According to the NHS health website, children aged 5 and under should participate in 180 minutes per day of play. At least one hour of that should be moderate-to-vigorous physical activity. Our society doesn’t always promote that, however. Traveling in the car, playing video games, watching TV, and being in a stroller greatly damper a child’s activity time. What’s a parent to do?
Make it Fun
When you were growing up, you can probably recall a parent or adult telling you to, “Go play.” Basically, that was interpreted as, “Get out of my hair.” We tend to repeat those types of memories from our childhood. But if you do, be careful
Instead of playtime being presented as a negative thing, try making it enticing and fun. Start a game with your little one because along with needing active play time, they crave interaction with you too.
Be sure to encourage games and activities that require physical movement, based upon your child’s abilities. To effectively get your child off the couch and into the backyard or a nice sized play area, you may need to get creative.
Engage them by catering to their interests too. If your little girl loves to play dress up, play Tag while dressed in princess dresses or reenact her favorite movie. Your young son might really get into playing King of the Mountain with a new twist - adding in the super hero he’s most fond of.
Don’t forget to let your child in on the fun of making up games and activities. Children are quite creative when it comes to things like that. Praise him or her, not only for being active, but for being innovative too.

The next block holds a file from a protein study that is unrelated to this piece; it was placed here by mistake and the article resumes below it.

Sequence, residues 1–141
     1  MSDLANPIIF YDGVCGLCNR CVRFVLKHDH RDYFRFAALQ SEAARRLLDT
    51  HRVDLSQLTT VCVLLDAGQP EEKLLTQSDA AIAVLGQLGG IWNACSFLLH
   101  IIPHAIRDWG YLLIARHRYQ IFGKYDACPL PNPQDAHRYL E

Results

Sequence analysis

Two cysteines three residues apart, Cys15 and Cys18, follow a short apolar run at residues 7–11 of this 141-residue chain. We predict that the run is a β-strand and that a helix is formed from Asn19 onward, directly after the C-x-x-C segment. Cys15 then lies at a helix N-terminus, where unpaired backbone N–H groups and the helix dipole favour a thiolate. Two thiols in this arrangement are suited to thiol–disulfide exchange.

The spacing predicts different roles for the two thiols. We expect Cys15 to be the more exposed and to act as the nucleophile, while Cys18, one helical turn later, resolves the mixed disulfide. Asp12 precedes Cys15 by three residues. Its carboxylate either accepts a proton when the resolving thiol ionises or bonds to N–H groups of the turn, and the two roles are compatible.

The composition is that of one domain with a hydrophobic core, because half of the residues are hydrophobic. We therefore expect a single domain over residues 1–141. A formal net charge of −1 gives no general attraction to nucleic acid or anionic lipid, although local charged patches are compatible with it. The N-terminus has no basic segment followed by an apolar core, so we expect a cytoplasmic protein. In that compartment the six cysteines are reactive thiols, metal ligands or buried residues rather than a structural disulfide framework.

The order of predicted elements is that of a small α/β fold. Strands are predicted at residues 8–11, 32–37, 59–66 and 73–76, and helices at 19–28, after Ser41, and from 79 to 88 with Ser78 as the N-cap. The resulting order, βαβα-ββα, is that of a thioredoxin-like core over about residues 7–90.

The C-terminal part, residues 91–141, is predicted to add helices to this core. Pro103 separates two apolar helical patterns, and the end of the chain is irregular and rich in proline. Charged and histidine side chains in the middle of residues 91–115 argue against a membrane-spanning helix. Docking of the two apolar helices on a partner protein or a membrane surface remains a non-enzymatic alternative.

Living by Example
Naturally, kids want to be like their parents and caretakers. They mimic activities like shaving, being on the computer, and driving cars. When parents are active, they follow that lead too. The more physically active you are, you can bet your little one will be too.
Make physical activity a joint effort. Create a chart and let your little one put a star up for every hour of physical play. Ask him or her for new ideas of things to do and games to play. When you are driving with your child or waiting at the doctor’s office for an appointment, strike up a conversation about physical activity and how good it Is and take the down time to come up with a list of fun things to do. The more you involve your child in your efforts, the more cooperation you are sure to get.
While we can blame modern society or our child all day long for his or her lack of physical exercise, it all comes back to us as parents and caregivers. The suggestions above will help you play an active role in being a part of the solution rather than part of the problem and that is a priceless gift to your child’s health and happiness.